April 27, 2009
Study: Parasites might provide benefits
British researchers say they've discovered parasite infestations might have a good side, acting as a conditioning agent for a
natural immune system.
Our understanding of mammalian immunology is largely based on rodents reared under highly unnatural pathogen and stress-free conditions, said University of Nottingham Professor Jan Bradley, who led the study.
Analyzing the immune response in wild populations can give crucial insights into how the immune system functions in its natural context.
Bradley said many health problems in modern humans are caused by over-active immune responses that sometimes mistake self proteins for non-self proteins, thereby triggering an attack on its own body and causing an autoimmune disease such as arthritis, asthma, diabetes or multiple sclerosis. Or the body can mistake a harmless substance as a threat,causing an allergic response.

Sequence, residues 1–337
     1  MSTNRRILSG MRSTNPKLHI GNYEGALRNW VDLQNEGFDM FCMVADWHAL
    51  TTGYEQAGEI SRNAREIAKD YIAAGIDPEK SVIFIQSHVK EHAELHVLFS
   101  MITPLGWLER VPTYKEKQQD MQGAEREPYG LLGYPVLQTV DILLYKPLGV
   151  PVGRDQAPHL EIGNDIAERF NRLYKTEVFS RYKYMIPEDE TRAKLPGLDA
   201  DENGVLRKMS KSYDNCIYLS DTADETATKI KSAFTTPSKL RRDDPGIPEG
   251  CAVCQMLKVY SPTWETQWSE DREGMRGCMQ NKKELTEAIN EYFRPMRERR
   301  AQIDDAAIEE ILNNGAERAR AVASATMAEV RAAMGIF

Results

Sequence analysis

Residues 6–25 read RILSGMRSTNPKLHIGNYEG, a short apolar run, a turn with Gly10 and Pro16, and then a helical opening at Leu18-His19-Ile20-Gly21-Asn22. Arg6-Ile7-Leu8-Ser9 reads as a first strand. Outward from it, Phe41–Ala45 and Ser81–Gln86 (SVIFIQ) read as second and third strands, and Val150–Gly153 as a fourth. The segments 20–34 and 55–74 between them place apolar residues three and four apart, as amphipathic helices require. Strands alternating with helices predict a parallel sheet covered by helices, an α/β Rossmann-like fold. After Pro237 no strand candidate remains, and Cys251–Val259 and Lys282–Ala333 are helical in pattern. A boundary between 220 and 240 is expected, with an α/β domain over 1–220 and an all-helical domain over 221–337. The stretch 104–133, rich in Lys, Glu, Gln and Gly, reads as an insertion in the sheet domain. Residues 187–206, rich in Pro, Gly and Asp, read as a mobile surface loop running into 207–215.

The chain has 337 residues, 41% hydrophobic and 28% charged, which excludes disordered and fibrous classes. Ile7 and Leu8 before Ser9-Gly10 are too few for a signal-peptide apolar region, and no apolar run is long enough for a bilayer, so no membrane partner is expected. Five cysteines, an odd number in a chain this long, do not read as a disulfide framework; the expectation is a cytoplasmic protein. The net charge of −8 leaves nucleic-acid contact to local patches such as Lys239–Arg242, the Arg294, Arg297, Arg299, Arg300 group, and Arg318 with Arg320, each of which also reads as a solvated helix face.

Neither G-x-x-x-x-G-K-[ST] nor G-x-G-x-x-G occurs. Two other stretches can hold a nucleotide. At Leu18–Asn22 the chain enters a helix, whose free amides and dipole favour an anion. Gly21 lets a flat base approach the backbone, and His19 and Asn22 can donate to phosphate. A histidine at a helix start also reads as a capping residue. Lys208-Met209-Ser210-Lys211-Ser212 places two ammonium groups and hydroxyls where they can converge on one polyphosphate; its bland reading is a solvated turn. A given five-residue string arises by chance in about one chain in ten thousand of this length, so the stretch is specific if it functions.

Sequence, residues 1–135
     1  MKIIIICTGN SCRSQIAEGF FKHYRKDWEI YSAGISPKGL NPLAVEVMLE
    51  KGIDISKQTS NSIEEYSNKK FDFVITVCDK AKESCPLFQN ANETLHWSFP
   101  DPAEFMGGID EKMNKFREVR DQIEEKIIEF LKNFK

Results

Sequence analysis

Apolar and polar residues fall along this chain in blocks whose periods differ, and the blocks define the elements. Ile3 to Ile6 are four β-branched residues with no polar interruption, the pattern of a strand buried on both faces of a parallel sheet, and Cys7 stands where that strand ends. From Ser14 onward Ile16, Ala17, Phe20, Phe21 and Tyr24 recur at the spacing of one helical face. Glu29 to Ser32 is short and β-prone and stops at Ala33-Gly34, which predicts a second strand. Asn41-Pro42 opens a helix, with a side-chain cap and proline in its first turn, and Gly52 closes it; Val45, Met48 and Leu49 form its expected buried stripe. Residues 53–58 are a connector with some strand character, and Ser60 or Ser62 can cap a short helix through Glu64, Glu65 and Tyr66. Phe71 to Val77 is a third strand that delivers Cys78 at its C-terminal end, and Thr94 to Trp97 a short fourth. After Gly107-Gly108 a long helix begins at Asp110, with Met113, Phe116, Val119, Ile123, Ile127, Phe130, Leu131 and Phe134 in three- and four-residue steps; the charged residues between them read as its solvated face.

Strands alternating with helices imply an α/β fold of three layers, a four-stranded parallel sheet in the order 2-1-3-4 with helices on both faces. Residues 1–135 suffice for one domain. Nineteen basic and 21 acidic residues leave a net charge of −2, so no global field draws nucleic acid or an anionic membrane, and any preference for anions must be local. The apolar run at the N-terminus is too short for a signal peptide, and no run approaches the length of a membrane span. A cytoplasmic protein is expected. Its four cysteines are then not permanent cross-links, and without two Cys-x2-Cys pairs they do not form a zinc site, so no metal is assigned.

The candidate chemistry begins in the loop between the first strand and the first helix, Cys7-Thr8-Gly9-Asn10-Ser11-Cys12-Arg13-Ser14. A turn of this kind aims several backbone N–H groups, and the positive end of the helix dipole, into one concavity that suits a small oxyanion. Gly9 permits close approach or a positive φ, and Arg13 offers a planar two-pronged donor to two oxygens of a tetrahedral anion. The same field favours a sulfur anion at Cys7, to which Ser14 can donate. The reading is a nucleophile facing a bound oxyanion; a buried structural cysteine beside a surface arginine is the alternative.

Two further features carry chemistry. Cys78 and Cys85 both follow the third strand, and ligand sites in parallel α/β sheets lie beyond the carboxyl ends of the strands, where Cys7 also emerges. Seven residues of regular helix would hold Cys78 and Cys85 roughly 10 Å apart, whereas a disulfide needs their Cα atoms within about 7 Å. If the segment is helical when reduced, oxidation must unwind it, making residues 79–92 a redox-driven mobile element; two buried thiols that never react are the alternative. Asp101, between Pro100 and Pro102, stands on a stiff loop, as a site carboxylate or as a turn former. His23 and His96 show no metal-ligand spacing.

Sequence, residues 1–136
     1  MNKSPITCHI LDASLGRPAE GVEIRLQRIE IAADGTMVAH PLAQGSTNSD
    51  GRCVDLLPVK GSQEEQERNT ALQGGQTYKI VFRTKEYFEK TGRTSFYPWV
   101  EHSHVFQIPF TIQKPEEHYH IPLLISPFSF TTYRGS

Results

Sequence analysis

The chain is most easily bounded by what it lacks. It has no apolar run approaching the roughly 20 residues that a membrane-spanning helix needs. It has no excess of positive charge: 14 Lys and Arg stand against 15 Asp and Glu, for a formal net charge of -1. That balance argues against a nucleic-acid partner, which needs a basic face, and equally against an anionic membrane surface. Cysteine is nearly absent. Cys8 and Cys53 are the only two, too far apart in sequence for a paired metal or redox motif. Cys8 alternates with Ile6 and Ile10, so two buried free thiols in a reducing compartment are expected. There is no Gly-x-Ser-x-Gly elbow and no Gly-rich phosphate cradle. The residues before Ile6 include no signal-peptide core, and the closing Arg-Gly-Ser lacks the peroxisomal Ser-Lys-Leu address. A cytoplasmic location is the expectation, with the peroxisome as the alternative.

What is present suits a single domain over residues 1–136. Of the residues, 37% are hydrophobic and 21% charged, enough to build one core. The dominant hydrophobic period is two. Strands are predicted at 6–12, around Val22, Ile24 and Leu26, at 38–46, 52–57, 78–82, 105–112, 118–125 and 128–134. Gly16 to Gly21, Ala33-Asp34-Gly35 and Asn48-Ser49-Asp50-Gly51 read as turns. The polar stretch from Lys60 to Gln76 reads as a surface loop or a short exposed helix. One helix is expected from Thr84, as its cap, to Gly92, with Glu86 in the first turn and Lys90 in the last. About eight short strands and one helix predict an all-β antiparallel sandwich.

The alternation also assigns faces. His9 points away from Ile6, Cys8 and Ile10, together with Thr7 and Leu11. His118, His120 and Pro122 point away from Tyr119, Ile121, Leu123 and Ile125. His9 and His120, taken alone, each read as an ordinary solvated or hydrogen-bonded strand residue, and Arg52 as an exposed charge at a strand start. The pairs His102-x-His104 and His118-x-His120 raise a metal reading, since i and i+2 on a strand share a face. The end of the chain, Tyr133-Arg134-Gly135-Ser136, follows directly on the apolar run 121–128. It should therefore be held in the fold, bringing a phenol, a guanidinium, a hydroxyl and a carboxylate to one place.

Much like laboratory mice, people in developed countries are currently exposed to a very different profile of infections to that encountered by their ancestors, said Bradley.
It is possible that the immune dysfunctions we see today are the result of immune systems molded by evolution for a set of challenges completely different to those encountered in modern times.
The study appears in the journal BMC Biology.